Until recently, tubing was attached with either a commercial grade stapler (for wood floors) or using wire ties to attach the tubing to the mesh. Today, though, foam underslab panels are available that provide insulation, a vapor barrier, and tubing attachments in a single sheet. The installer simply walks the tubing down into the nibs without the need for any specialty tools. These products save tremendously on labor costs.

Creatherm made one of the first “walk-it-in” radiant floor panels, and they’re still a popular choice. Heat Sheet, made by the same consortium of EPS molders that produce Logix ICF, is another option. A third choice is the Amvic Insulated Radiant PEX panel.

Ampex is molded with a graphite-enhanced EPS bead for additional efficiency. Like the other panels, The PEX tubing is easily installed by walking on the tube, and the panel nubs form a “mushroom” shape under pressure to lock the PEX piping firmly in place. Ampex Commercial uses a higher-density foam and is one of the very few insulated radiant PEX panels on the market to accept up to one-inch diameter piping.

All three products measure 2’x4’ with grooved interlocking edges for easy layout installation. They’re available in a variety of thicknesses, and the nib pattern repeats itself every few inches to easily accommodate any tube layout.

Pneumatic Heat: Legalett offers a different sort of heating. The system uses in-floor hot air instead of water. Ken Williams says, “The end cost is about the same or slightly cheaper but the major difference is that there’s no water running though the floor that could be damaged during the construction phase.”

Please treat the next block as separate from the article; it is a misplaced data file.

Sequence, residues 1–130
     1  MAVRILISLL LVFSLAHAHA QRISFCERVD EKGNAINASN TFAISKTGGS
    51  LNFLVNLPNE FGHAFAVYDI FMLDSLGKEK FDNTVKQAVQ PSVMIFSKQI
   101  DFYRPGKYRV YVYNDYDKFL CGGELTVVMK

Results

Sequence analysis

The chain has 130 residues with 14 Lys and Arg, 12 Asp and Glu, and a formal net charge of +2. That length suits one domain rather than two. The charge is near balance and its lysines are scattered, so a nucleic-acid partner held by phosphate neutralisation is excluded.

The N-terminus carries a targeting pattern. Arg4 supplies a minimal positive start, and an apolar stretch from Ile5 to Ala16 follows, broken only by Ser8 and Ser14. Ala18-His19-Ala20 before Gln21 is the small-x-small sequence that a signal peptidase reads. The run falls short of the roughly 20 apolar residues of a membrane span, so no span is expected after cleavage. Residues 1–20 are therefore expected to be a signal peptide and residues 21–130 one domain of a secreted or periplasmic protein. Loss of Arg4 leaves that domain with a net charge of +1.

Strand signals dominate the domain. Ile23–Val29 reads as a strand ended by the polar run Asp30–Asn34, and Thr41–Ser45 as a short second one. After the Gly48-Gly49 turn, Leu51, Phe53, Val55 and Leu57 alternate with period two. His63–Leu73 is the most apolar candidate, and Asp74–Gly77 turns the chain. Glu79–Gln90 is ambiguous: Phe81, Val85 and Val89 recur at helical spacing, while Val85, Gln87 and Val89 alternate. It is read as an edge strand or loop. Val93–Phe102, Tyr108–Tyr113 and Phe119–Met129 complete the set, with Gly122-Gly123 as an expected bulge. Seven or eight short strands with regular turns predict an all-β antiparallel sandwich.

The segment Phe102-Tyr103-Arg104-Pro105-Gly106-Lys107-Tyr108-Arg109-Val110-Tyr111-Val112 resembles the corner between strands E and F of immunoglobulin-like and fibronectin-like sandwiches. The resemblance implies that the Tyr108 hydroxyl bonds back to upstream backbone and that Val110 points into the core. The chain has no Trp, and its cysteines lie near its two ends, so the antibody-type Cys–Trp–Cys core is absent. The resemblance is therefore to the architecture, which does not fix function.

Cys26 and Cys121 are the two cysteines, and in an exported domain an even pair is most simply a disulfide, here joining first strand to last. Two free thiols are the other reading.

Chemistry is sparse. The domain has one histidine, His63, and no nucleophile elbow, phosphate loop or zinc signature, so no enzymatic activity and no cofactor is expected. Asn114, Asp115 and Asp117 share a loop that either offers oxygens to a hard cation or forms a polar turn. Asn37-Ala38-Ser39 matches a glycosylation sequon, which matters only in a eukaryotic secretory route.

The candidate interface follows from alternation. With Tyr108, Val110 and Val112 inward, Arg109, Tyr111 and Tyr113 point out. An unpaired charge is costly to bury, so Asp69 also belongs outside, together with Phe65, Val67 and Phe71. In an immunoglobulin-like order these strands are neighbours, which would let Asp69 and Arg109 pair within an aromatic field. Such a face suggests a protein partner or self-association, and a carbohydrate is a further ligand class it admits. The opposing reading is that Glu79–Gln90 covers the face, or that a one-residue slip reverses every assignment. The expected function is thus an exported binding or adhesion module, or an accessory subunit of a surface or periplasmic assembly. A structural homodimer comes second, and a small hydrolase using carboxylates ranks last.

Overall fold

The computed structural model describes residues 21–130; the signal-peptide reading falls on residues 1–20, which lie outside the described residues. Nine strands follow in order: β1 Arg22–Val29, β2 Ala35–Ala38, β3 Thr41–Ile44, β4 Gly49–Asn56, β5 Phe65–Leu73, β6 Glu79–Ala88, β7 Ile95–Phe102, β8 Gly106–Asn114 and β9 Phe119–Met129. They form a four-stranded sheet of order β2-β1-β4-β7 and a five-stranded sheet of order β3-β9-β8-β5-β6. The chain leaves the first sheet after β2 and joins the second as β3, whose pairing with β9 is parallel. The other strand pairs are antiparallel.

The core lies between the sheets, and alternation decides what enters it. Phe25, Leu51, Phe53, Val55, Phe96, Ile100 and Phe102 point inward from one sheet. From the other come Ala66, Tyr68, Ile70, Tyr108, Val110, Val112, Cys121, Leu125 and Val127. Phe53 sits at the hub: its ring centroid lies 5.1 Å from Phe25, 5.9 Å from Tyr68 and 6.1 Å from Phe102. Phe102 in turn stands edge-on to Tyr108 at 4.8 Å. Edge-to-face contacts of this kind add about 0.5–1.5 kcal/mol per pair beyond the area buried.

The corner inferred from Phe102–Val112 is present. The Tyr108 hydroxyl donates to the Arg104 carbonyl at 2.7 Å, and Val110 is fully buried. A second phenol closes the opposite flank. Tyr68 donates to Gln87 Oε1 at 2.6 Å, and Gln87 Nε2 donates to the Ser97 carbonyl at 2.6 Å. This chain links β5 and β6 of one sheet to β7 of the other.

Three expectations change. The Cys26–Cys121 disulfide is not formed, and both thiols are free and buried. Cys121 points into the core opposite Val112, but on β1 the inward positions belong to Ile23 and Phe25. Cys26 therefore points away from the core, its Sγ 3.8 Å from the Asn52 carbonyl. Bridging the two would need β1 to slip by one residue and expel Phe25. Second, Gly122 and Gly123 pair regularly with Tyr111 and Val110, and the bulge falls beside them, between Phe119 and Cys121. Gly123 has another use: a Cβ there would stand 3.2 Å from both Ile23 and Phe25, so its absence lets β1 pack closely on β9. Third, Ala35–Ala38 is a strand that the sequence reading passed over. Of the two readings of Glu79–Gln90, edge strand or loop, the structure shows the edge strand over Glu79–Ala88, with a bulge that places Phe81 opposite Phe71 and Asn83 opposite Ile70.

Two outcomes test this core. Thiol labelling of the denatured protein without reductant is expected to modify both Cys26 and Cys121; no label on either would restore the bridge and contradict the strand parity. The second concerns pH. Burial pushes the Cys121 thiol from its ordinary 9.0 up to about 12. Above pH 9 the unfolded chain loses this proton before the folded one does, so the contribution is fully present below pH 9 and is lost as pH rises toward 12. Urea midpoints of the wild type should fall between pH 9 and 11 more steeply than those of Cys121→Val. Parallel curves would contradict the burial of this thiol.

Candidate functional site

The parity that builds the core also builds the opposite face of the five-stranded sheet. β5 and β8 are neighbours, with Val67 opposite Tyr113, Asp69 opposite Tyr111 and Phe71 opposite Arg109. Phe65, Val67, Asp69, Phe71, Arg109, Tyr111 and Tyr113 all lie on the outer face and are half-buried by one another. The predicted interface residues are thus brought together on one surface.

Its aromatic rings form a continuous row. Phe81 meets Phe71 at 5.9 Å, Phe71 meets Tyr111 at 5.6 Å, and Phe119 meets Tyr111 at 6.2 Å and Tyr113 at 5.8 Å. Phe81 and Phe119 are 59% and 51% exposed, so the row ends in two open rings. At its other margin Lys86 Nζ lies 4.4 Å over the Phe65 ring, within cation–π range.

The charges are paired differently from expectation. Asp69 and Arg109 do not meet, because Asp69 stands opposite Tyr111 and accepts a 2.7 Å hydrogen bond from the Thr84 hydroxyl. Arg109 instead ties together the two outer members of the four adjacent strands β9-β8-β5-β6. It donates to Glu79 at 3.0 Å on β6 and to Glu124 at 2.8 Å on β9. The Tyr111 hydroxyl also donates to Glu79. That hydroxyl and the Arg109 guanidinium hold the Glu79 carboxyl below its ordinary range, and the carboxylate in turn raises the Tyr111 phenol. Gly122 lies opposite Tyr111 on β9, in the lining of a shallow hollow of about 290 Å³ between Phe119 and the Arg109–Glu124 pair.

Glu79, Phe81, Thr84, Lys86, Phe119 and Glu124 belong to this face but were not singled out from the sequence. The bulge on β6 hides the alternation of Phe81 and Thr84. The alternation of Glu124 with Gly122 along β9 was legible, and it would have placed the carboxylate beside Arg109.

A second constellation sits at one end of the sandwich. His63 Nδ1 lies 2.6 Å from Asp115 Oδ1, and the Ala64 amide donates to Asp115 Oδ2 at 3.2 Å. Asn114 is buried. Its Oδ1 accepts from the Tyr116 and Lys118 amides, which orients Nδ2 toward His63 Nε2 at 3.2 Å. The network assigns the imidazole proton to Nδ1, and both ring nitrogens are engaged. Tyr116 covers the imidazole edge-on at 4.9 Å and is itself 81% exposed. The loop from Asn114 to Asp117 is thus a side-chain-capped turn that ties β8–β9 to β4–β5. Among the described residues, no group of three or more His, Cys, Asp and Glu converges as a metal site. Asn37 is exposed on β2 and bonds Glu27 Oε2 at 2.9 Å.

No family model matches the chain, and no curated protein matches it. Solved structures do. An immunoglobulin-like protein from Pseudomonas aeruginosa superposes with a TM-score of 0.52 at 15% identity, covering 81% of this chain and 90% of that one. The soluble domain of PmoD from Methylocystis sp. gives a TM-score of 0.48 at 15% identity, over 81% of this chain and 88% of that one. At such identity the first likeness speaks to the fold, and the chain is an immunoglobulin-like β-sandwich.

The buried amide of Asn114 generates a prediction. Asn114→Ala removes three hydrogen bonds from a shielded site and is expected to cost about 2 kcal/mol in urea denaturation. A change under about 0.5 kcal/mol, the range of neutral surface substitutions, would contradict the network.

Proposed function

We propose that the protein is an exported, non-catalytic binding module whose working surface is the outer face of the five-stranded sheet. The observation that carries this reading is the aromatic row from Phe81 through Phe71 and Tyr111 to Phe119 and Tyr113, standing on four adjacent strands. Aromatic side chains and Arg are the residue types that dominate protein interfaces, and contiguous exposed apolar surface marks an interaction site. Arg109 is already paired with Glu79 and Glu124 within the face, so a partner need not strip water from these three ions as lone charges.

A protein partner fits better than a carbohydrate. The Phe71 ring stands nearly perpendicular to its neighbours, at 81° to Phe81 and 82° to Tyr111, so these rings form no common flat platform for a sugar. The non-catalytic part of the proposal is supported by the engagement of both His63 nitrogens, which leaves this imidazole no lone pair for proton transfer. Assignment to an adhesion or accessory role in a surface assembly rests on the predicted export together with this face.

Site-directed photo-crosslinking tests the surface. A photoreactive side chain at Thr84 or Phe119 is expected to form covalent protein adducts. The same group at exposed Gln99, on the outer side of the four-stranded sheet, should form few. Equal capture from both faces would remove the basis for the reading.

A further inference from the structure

The system originates in Scandinavia, and Williams says that about 95% of homes in Sweden are heated using this system. Legalett uses a foam underslab layer that is integral to the building’s foundation, which can have advantages. “There’s no need for deep footings or frost walls,” he says. It distributes the weight of the building across the entire slab, meaning soils need only 450 lbs. per sq. ft. bearing capacity as opposed to 2000 lbs./sq. ft. required for traditional footings.

The foam is topped with six or eight inches of concrete. “Once it comes up to temperature, it’s easy to maintain,” says Williams. “Often, solar gain from the daytime is enough to heat the slab and retain heat during the evening and nighttime hours.”

With Legalett, the air is heated with electric coils, or indirectly with hot water. Hydronic systems typically use electric, gas, or fuel-oil-fired boilers, although wood burning stoves, geothermal, solar and waste heat units are also available for hydronic radiant heat applications.